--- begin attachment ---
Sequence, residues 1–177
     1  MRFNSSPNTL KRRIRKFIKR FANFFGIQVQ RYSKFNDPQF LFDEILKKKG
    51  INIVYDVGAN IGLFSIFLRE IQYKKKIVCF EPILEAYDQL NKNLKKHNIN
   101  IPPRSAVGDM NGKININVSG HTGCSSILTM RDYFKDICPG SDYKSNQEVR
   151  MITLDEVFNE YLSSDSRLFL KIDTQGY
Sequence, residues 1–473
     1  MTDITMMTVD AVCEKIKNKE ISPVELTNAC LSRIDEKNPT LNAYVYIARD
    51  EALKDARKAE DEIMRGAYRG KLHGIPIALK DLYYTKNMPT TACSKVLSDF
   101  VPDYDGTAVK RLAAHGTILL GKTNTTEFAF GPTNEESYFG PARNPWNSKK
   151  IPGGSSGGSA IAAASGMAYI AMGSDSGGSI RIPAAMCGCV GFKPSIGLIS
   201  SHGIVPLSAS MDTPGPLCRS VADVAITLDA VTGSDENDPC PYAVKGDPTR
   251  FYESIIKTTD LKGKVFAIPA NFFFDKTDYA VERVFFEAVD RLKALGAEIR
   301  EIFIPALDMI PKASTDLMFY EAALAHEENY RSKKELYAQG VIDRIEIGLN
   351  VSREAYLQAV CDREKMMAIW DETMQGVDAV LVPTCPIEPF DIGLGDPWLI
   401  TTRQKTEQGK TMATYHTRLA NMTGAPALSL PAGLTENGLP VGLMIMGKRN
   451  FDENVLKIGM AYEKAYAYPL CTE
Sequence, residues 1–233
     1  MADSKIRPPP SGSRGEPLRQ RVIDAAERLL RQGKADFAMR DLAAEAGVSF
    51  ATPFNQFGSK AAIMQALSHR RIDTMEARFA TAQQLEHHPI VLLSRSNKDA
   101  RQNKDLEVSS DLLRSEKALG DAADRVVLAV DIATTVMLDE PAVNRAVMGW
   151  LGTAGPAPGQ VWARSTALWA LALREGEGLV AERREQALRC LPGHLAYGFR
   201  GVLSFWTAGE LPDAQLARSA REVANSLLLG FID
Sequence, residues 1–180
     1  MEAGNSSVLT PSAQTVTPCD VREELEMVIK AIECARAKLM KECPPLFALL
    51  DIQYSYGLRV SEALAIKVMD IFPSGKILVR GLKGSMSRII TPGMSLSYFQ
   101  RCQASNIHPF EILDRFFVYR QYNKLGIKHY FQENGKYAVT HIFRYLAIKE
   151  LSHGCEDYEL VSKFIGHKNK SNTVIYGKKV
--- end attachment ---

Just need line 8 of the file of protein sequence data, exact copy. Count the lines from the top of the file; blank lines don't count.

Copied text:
    51  EALKDARKAE DEIMRGAYRG KLHGIPIALK DLYYTKNMPT TACSKVLSDF